BEIRUT (Reuters) - Syrian security men and students wielding knives attacked a protest march at Aleppo University on Thursday, activists said, killing four and rounding up dozens of demonstrators who were demanding President Bashar al-Assad step down.
In an unusually bloody incident for Syria’s hitherto fairly peaceful commercial hub and second city, video posted on the Internet showed young people chanting slogans against the ruling family and being drowned out by gunfire. Activists posted images of a bloodied corpse and what they said was a burning dormitory.
A British-based opposition group, the Syrian Observatory for Human Rights, said at least four were killed and some 28 other students were wounded, three critically. Some 200 were arrested in the latest violence to breached a three-week-old U.N. truce.
Knife-wielding youths had joined the security forces in the attack on fellow students on the Aleppo campus, the group said, adding that teargas had been fired on what started as the latest of an almost daily series of peaceful protests by the students.
“Freedom forever in spite of you, Assad!” chanted the young demonstrators in a video shot in early morning twilight.
There was no comment from officials and it was not possible to verify the account from the northern city whose relatively prosperous, business-oriented population has been slow to join the 14-month-old revolt against the Assad’s four-decade rule.
Syria’s middle classes, and substantial religious and ethnic minorities, are fearful that an uprising dominated by Sunni Muslims, who form 80 percent of the population, against an elite around Assad, which is drawn largely from his Alawite minority, could descend into the kind of sectarian and ethnic bloodbath they have watched destroy neighboring Iraq over recent years.
From Aleppo, anti-Assad activists uploaded a picture of one young man who they said was killed, his shirt drenched in blood, and a video of a burning residence block, its windows shattered. Dormitory hallways appeared to have been smashed up and men were dragging furniture outside as students screamed.
The violence was one of many breaches of the three-week-old ceasefire in Syria, where 31 United Nations observers are touring to monitor the truce between state forces and rebels. Around 300 are expected to be deployed by the end of May.
The deal brokered by former U.N. Secretary General Kofi Annan has led to a small reduction in the daily carnage, mostly in cities were monitors are deployed permanently.
The head of the monitoring mission, Major General Robert Mood from Norway, told reporters during a trip to Hama on Thursday that observers were having a “calming affect” and that state forces appeared willing to cooperate with the truce.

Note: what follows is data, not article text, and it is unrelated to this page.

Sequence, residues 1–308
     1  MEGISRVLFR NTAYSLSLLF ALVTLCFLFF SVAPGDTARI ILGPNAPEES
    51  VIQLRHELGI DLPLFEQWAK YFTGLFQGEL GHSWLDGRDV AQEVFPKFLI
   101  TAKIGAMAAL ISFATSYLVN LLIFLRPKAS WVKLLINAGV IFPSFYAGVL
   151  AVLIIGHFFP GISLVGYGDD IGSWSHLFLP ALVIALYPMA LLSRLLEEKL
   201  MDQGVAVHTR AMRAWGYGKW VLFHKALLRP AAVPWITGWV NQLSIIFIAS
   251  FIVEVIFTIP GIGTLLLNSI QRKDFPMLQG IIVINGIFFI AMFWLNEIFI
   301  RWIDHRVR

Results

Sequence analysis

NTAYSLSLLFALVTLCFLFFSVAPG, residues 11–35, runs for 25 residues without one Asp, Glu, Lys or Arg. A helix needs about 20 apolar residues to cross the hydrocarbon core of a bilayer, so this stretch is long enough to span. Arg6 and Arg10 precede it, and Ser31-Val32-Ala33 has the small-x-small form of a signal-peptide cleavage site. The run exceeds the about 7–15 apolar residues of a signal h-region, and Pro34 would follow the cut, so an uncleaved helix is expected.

“There have been steps taken by the government forces on the ground that indicate a better willingness to live up to the commitments made in the agreement,” he said, giving no details.
But clashes have continued, with rebel fighters killing 15 members of the security forces, including two colonels, in a rural part of Aleppo province on Wednesday.
Security forces struck in other parts of the country, too, activists said. They fired mortars at a village in central Homs province and killed six people when they fired on villages in northern Idlib province.
While the city of Aleppo itself has rarely seen clashes, there has been a string of assassinations there, apparently by rebels. The Observatory reported the killing overnight of Ismail Haidar, son of the head of a pro-Assad political party.
Videos and activist accounts, however, are hard to verify conclusively because the government restricts media access.
On Thursday afternoon, protests again erupted at Aleppo University to denounce the overnight assault.
“It is hard to get any information from the students right now. The situation is tense. Security forces are surrounding the campus,” said an activist in the city called Mustafa.
While most opposition areas in Syria have been overtaken by an armed revolt against Assad, peaceful anti-Assad protests had been staged almost daily at the university in Aleppo.
It is hard to assess if those protests reflect widespread sentiment among the younger generation native to the city or whether students living there who hail from rebellious hotspots like Idlib and Deraa might be taking a lead in Aleppo.
Syria’s uprising began in March 2011 with peaceful demonstrations inspired by a wave of Arab revolts against long-ruling autocratic leaders, but it has become increasingly militarized in response to Assad’s violent crackdown.
The UN says more than 9,000 people have died in the crackdown, while the Syrian government says it has lost at least 2,600 of its forces to “foreign-backed terrorists”.
The Observatory cited student activists saying security forces ordered students out of dormitories, from where protests had been launched, and had shut the university until May 12.
Despite the turmoil, Syria plans to hold a parliamentary election on Monday under a new constitution which has allowed the creation of new political parities and formally ended decades of monopoly by Assad’s ruling Baath Party.
Authorities say the election is part of a reform process, but most of the opposition dismisses it as a sham.
Additional reporting by Mariam Karouny in Damascus; Editing by Alastair Macdonald